Engaging a rapidly growing region
Charleston has become South Carolina’s largest city, with a population in 2016 of 134,385 – and is still growing at a rapid pace. But Charleston is merely in the center of one of the nation’s most rapidly growing metropolitan areas, with new industries such as Boeing and Volvo fueling growth, along with tourism and a bustling seaport.
Across the Cooper River, Mount Pleasant – once a sleepy little fishing village – was recently called the fastest-growing municipality east of the Mississippi. Outlying Summerville and Moncks Corner are also experiencing unprecedented growth.
The area, which lies within the South Carolina District of The Wesleyan Church, is considered one of the most strategic areas there is. As of 2017, the Charleston Metro area was consistently moving toward the one million mark, reaching more than 700,000 people.
“Energizing” is a word Dr. Wayne Schmidt, general superintendent of The Wesleyan Church, uses to describe what’s happening in the Charleston area.
“I have been privileged to know Wayne Otto personally for many years, as we served together in neighboring districts in Michigan. I visited the Lowcountry on the fifth anniversary of Providence Church and was amazed by the fast-growing and diverse communities in the greater Charleston area. I was also privileged to have dinner and share a discussion with several of the church planters in the Lowcountry during my visit,” Schmidt said.
Many new Wesleyan church plants are accompanying that growth, seeking to share the love of Christ to more families in neighborhoods, many of which have seemingly popped up overnight.
"The district began praying in 2007 about the need for more churches in the Lowcountry. Through a mutual friend, the Otto, who had experience in planting churches in Michigan, agreed to come for a visit and it was apparent that God was speaking to them about this possibility,” said Rev. Buddy Rampey, superintendent of the South Carolina District (now retired).
“Our first goal coming down here was to really establish that presence in the area,” Otto said. “The way for church planting to become a movement happens more easily when it’s at the grass roots level – churches planting churches. We’ve been more intentional about a creative movement of planting churches down here and moving from addition to multiplication type of church planting.
In 2011, under Otto’s leadership, meetings began at what was then Southern Wesleyan University's Charleston learning center to strategize how to reach a growing population that included many residents with no church affiliation. Out of that came church plants serving Summerville and North Charleston. Coming alongside Otto have been SWU graduate Rev. Brittany Jolly and her husband Nathan, who established a church plant in the Mount Pleasant area.
“How grateful that through them we have movement toward many new churches in the Lowcountry. In addition to the Otto and Providence connection, God has led others to the area to plant new congregations including Ben and Leah Walters and SWU graduates Brittany and Nathan Jolly. The fastest growing area of the state now has a growing Wesleyan presence that impacts the growing gospel gap,” Rampey said.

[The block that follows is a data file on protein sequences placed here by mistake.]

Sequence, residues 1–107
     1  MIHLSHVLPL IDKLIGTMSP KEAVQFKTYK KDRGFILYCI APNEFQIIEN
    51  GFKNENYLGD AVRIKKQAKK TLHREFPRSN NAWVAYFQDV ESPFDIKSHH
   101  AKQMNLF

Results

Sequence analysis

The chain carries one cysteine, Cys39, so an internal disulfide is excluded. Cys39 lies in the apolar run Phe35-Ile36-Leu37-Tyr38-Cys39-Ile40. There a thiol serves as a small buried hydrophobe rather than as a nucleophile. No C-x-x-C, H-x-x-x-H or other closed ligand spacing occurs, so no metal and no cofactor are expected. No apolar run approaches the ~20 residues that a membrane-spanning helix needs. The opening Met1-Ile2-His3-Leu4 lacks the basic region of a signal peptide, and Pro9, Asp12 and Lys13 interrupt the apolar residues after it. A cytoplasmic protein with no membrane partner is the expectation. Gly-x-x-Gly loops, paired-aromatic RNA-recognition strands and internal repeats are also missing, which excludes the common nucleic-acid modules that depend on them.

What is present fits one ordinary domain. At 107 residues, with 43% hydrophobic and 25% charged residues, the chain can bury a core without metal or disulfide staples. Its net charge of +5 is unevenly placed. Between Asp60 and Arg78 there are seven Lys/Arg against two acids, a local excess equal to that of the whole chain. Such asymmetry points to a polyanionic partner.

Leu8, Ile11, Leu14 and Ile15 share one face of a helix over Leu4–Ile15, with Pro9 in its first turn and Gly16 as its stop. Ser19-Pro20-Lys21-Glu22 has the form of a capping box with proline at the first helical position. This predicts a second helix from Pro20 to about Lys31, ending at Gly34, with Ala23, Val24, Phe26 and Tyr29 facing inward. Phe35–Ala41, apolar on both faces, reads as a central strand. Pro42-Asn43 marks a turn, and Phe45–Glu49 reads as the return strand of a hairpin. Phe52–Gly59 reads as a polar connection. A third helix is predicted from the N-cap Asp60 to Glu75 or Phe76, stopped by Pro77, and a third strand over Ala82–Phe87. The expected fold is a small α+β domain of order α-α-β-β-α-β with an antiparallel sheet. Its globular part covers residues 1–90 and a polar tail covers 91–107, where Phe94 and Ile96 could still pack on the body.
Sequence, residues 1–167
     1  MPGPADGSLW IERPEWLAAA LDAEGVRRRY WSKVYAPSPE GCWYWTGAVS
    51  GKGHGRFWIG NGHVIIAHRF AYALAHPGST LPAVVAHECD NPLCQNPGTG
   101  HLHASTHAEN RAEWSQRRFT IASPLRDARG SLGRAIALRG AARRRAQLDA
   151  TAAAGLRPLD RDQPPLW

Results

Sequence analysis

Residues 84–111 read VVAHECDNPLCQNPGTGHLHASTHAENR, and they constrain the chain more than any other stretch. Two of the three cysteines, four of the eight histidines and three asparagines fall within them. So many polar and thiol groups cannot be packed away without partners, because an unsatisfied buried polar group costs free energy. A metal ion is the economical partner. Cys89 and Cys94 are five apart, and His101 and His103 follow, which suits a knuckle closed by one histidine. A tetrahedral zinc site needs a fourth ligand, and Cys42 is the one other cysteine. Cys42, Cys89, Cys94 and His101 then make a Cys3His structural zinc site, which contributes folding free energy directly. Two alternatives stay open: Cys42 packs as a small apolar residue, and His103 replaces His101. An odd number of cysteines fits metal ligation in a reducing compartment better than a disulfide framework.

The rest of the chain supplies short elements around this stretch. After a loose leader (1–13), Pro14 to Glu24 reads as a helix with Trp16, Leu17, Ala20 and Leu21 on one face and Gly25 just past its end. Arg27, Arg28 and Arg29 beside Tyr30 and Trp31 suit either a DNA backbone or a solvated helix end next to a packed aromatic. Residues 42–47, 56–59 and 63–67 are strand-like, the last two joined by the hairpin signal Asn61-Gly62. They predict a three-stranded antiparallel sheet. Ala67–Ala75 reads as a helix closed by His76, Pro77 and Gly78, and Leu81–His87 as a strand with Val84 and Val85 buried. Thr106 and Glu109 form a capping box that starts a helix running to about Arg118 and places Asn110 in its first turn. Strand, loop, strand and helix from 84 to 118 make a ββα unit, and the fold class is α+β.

“We have really been focused on two words as we entered this season of dreaming/planting nearly four years ago – intentional and relational,” said Jolly. “We viewed Nathan's office as our ‘ground zero’ and our whole launch team is made up of couples who work (or have worked) there. As Nathan disciples the guys, I disciple the girls, and we are in the phase of encouraging them to now begin discipling someone else.”
Another SWU graduate, Andre Winters, is preparing to open the doors for The Corner, a church plant in Moncks Corner, 30 miles north of Charleston. He’s been organizing events at an area bowling alley and restaurant for individuals and families in the community to get to know the residents. For Winters, who comes from Michigan, it’s challenging to invite people to church in the “Bible Belt,” where churches seem abundant, but at the same time there’s not a strong desire for many residents to affiliate with a church.
“We have just a huge heart of being a church that really steps out and cares about this community,” Winters said.
Along a four-mile stretch of Redbank Road in Goose Creek, just minutes up the Interstate from downtown Charleston, are approximately 22,000 people who are unclaimed by any religious affiliation, according to Rev. Niccole Franklin, who pastors at The Oaks, a new church plant in Goose Creek slated for opening in September.
“As we look at the Gospel we see Jesus used a rag-tag group of people to turn the world upside down for the kingdom, we believe that is his plan for Redbank Road,” Franklin said. “Our hearts bleed for Jesus and for the one who doesn’t know him.”
Ben Walters is leading Boardwalk Church, a plant in Mount Pleasant that began meeting Jan. 14 at Carolina Park Elementary School, and Seth Walker and his wife Annelise are seeking to establish a church plant in peninsular Charleston that will be an intentional multiethnic church plant whose goal is to reach out to low-income residents as well as college students at the College of Charleston, the Citadel and the Medical University of South Carolina.
Otto is quick to point out that they are not competing against churches already established in the area.
“I fear there are so many misperceptions about church planting today and we see it as a reaction against the established church. Planting is all about the outflow of God’s mission desire to reach the world. If anything it enhances the value of the established local church in recognizing how important the church is in the expansion of the kingdom of God,” he said.
“Our mission right now is to reconcile people of God through the love and story of Jesus,” Walker said.